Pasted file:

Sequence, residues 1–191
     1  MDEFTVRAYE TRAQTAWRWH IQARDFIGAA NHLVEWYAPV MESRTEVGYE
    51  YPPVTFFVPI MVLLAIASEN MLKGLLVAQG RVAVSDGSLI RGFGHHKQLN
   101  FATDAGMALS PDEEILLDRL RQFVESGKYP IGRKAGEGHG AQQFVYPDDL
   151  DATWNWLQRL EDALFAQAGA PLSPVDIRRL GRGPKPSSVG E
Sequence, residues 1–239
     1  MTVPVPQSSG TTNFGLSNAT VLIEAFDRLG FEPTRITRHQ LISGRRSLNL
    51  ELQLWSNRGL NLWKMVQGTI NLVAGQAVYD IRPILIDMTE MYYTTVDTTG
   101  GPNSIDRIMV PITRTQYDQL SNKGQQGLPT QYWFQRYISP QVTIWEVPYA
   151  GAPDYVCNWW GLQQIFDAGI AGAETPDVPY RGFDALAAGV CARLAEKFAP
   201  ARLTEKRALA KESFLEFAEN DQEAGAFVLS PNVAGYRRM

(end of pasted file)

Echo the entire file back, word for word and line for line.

Sequence, residues 1–191
     1  MDEFTVRAYE TRAQTAWRWH IQARDFIGAA NHLVEWYAPV MESRTEVGYE
    51  YPPVTFFVPI MVLLAIASEN MLKGLLVAQG RVAVSDGSLI RGFGHHKQLN
   101  FATDAGMALS PDEEILLDRL RQFVESGKYP IGRKAGEGHG AQQFVYPDDL
   151  DATWNWLQRL EDALFAQAGA PLSPVDIRRL GRGPKPSSVG E
Sequence, residues 1–239
     1  MTVPVPQSSG TTNFGLSNAT VLIEAFDRLG FEPTRITRHQ LISGRRSLNL
    51  ELQLWSNRGL NLWKMVQGTI NLVAGQAVYD IRPILIDMTE MYYTTVDTTG
   101  GPNSIDRIMV PITRTQYDQL SNKGQQGLPT QYWFQRYISP QVTIWEVPYA
   151  GAPDYVCNWW GLQQIFDAGI AGAETPDVPY RGFDALAAGV CARLAEKFAP
   201  ARLTEKRALA KESFLEFAEN DQEAGAFVLS PNVAGYRRM